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Under Michigan law, Allendale Township cannot remove controversial planning commissioner

Posted at 6:59 PM, Jan 26, 2021
and last updated 2021-01-27 10:04:33-05

ALLENDALE, MICH. — There's been quite the public outcry in Allendale Township after a member of the planning commission was identified as one of the people at the capitol on Jan. 6.

Ryan Kelley was appointed to his role by Adam Elenbaas and approved by the Township Trustees.

Elenbaas says even if they wanted to remove Ryan from his position, they do not have the legal authority to do so.

“I know a lot of people have said, 'Well, Adam Elenbaas, Board of Trustees, you should just remove Ryan Kelley.' And quite honestly, the way the state law is laid out, we just don’t have that direct ability,” Township Supervisor Adam Elenbaas said.

Citing this portion of MCL 125.3815, subsection nine, reads in full:

"The legislative body may remove a member of the planning commission for misfeasance, malfeasance, or nonfeasance in office upon written charges and after a public hearing. Before casting a vote on a matter on which a member may reasonably be considered to have a conflict of interest, the member shall disclose the potential conflict of interest to the planning commission. The member is disqualified from voting on the matter if so provided by the bylaws or by a majority vote of the remaining members of the planning commission. Failure of a member to disclose a potential conflict of interest as required by this subsection constitutes malfeasance in office. Unless the legislative body, by ordinance, defines conflict of interest for the purposes of this subsection, the planning commission shall do so in its bylaws."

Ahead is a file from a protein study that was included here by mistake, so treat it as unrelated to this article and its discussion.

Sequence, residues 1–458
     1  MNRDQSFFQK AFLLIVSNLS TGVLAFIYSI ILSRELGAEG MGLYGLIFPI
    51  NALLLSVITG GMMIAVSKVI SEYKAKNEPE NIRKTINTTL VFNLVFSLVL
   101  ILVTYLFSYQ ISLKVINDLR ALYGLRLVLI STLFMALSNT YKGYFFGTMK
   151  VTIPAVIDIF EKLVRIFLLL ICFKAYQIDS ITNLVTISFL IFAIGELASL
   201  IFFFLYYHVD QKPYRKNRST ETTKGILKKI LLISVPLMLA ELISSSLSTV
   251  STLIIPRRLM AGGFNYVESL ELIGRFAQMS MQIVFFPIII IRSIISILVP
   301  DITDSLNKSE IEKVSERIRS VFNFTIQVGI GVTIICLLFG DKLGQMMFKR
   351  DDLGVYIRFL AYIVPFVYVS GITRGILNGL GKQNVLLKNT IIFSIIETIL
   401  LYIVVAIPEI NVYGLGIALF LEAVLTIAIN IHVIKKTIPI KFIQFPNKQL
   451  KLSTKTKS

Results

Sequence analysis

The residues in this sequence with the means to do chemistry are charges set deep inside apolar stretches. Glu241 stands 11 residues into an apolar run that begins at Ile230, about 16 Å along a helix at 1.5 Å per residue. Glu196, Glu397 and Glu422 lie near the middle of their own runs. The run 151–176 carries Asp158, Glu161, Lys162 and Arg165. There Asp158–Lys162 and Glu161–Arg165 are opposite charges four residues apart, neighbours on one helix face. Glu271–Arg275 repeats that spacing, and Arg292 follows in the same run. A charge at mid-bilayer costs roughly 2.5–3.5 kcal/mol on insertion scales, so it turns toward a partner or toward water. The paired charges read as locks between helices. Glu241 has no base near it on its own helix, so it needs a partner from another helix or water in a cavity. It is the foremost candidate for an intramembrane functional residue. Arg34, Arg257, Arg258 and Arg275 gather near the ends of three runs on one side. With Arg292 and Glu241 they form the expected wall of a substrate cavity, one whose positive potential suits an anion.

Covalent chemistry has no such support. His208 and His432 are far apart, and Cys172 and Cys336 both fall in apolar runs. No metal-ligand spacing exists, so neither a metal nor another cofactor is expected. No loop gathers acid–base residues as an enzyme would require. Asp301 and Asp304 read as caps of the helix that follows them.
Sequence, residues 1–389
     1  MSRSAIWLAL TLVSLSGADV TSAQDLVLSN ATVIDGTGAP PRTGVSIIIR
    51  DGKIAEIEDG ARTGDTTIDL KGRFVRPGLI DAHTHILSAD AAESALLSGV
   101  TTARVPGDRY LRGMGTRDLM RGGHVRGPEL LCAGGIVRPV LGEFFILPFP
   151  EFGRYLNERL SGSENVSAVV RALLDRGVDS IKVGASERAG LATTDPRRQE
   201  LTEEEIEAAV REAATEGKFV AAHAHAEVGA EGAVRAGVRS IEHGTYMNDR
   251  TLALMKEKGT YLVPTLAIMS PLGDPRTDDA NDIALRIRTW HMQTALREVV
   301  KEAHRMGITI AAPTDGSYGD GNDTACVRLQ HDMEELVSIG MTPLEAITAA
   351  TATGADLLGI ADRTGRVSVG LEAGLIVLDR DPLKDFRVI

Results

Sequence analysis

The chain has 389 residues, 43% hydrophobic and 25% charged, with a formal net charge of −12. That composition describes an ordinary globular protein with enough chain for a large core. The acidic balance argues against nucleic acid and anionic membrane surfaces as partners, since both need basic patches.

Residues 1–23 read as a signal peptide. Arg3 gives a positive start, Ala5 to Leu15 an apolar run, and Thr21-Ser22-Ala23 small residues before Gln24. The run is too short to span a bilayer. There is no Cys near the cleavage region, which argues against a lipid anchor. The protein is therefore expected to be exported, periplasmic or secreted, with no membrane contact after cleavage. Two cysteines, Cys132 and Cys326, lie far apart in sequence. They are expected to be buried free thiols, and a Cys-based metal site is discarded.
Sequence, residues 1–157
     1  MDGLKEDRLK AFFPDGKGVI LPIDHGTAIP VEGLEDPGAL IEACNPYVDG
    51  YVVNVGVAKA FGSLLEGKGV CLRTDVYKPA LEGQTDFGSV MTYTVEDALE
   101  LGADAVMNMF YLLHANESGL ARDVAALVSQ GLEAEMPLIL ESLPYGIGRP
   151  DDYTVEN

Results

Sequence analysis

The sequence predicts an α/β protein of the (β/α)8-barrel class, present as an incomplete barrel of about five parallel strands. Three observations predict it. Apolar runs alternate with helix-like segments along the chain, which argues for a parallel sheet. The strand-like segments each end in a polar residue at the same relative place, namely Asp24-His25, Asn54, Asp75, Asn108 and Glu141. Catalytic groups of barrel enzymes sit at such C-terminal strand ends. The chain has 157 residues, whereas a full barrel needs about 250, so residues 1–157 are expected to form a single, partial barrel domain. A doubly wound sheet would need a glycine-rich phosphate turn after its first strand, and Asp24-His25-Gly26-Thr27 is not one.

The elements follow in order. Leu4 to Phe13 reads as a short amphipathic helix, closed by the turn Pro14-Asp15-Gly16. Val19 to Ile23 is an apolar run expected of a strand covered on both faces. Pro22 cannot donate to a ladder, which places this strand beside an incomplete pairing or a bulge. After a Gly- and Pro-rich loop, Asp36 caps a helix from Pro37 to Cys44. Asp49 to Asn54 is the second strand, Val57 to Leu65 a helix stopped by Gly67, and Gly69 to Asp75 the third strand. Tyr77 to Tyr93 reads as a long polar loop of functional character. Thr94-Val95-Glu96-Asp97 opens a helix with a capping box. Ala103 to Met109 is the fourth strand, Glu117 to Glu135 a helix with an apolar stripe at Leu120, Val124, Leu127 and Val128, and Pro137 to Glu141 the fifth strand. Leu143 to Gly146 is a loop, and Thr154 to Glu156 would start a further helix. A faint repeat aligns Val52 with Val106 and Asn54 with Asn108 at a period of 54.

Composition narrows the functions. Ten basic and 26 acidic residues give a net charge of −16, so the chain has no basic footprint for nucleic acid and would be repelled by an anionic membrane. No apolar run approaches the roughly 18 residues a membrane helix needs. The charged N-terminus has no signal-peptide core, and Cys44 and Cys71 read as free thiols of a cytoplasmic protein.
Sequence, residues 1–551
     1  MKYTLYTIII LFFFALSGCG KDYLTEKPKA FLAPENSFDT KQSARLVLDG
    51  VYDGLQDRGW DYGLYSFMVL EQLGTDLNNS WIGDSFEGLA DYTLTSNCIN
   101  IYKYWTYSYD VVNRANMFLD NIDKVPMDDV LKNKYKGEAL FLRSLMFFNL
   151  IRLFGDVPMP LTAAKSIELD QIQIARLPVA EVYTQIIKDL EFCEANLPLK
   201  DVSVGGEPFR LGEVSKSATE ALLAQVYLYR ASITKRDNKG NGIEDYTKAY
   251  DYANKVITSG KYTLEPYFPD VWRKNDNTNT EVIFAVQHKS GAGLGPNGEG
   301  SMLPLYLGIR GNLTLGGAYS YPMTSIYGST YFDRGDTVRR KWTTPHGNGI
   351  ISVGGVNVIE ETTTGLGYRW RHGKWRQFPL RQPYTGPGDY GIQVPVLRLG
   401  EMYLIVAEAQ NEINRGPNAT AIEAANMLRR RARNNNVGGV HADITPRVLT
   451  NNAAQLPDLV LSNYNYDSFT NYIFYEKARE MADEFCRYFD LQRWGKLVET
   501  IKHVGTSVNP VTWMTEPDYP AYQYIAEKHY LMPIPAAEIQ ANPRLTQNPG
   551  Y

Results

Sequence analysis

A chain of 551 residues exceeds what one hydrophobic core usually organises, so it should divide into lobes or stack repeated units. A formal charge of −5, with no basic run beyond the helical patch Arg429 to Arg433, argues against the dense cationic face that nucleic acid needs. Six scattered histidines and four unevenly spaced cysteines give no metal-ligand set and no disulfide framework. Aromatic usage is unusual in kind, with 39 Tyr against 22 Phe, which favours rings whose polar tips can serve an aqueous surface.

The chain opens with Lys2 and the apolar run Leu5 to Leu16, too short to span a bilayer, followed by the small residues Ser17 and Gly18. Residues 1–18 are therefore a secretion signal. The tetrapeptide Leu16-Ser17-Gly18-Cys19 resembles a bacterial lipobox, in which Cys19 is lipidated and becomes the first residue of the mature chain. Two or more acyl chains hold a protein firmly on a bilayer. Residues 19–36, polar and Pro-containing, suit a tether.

An expert attorney on the matter echoing these sentiments says the keywords are the fact that Kelley's actions at the Capitol on Jan. 6 do not interfere directly with his role and ability to do his job as a planning commissioner.

"As a matter of planning law, the removal would have to be for one of these reasons, and one of these problems or bad acts would have to occur in office. In other words, this person would have to do something wrong as a planning commissioner," WMU-Cooley Professor Gerald Fischer said.

Elenbaas says Kelley's actions have not interfered with his role.

“There is a distraction, but he has carried out his duties as a planning commissioner,” Elenbaas said.

No charges have been filed against Kelley at this time. The FBI has received tips about his actions at the Capitol on Jan. 6. According to Fischer, the governor's office or the attorney general could have the authority to remove Kelley from his position.

FOX 17 reached out to the attorney general's office on the matter, and have not heard if Dana Nessel plans to get involved at this time.

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